• D Zolldann · R Thiex · H Häfner · B Waitschies · R Lütticken · S W Lemmen ·
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    ABSTRACT: We assessed data on the epidemiology of nosocomial infections (NIs) in a 14-bed neurosurgical intensive care unit (NSICU) and used surveillance data for the promotion of quality improvement activities. Prospective periodic surveillance was performed over five 3-month periods between July 1998 and October 2002 on all patients admitted with a length of stay > 24 hours. 763 patients with a total of 4,512 patient days and a mean length of stay of 5.9 days were enrolled within the 15-month study period. A total of 93 NIs were identified in 82 patients. Urinary tract infections (24.7%), pneumonia (23.6%), and bloodstream infections (17.2%) were the most frequent NIs recorded. Device-associated incidence rates were 6.0 (3.8-9.0, CI(95%)) for urinary tract infection, 4.4 (2.4-7.4, CI(95%)) for bloodstream infection, and 10.3 (6.3-15.9, CI(95%)) for pneumonia per 1,000 days at risk. For improvement of infection control-related processes, evidence-based infection control guidelines were established and an NSICU nurse was designated to be responsible for infection control issues on the ward. In addition, several infection control problems arose during the observation periods and were rapidly responded to by introducing specific intervention strategies. Periodic surveillance is a valuable tool for assessing the epidemiology of NIs in the NSICU setting as well as for promoting the initiation of quality improvement activities.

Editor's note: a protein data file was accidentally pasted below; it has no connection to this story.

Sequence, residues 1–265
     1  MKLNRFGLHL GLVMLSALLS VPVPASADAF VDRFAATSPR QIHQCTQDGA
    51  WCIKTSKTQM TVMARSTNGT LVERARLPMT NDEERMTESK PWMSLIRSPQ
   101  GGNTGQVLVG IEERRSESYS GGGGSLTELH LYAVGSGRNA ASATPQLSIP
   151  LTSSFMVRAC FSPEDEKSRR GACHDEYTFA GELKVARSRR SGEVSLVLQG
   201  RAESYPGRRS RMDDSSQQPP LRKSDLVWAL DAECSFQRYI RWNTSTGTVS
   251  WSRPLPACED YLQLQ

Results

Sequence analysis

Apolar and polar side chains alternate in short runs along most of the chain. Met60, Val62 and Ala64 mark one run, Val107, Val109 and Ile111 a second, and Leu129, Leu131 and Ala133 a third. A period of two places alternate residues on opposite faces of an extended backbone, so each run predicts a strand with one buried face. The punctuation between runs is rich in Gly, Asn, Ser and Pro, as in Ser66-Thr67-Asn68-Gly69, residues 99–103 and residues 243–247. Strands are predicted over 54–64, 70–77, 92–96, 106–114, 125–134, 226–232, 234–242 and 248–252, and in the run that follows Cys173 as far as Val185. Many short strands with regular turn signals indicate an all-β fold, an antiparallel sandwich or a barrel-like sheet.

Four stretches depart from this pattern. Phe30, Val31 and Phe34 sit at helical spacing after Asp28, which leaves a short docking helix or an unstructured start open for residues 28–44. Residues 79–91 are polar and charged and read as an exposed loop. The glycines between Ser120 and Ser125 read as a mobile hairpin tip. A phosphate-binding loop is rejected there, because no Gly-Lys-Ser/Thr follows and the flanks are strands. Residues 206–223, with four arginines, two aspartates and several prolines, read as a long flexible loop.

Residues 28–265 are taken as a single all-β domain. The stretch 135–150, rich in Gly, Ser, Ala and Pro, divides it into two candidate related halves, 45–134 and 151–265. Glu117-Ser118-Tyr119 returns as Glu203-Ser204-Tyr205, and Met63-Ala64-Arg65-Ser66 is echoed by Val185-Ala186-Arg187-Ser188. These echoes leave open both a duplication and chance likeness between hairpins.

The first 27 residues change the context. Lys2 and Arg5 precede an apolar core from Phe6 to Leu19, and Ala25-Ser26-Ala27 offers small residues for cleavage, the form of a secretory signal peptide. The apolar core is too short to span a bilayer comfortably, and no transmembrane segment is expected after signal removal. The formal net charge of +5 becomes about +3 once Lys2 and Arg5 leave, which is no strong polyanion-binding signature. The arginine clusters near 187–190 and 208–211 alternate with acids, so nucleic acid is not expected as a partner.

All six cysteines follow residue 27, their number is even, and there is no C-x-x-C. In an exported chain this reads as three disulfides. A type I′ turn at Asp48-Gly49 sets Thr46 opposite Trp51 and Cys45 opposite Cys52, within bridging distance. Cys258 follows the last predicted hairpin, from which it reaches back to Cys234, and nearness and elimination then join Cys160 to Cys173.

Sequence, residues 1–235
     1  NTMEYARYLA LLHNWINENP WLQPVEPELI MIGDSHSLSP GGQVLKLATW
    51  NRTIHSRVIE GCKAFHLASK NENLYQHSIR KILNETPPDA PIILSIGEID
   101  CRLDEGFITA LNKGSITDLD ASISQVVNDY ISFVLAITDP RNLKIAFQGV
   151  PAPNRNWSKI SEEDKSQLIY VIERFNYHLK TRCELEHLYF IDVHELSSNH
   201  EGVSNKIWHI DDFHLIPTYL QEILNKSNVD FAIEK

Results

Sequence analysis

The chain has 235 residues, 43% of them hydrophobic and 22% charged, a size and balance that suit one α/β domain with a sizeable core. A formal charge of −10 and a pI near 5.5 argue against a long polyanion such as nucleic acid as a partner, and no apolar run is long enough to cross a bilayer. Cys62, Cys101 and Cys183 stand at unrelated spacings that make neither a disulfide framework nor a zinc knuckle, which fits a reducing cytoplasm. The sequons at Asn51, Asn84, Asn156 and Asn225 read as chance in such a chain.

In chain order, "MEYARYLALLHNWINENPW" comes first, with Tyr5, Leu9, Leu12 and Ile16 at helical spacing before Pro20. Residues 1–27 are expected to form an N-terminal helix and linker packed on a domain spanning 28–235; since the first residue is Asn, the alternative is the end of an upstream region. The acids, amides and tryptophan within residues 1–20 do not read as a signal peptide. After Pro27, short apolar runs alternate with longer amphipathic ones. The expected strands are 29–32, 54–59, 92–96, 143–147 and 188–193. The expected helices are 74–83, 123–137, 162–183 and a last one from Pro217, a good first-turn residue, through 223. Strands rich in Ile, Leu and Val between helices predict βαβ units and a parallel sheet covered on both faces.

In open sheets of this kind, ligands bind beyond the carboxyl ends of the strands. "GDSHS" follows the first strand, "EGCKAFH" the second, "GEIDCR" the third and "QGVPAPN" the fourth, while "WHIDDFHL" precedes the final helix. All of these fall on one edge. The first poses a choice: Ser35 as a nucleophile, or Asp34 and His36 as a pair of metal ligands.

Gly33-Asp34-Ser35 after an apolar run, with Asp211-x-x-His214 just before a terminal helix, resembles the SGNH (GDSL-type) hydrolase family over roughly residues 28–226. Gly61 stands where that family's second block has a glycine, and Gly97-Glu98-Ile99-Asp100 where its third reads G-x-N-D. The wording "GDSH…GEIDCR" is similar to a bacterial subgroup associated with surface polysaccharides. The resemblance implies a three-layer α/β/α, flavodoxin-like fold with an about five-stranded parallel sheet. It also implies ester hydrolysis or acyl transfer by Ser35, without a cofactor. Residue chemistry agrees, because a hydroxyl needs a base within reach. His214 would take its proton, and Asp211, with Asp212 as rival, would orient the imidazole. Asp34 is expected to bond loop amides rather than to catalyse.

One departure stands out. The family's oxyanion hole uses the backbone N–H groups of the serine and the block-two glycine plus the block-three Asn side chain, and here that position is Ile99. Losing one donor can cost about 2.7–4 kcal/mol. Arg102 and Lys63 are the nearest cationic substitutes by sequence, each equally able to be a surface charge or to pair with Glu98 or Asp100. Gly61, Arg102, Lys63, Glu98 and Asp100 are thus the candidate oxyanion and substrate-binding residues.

Infection 07/2005; 33(3):115-21. DOI:10.1007/s15010-005-3070-3 · 2.62 Impact Factor
  • S W Lemmen · D Zolldann · S Klik · R Lütticken · K Kümmerer · H Häfner ·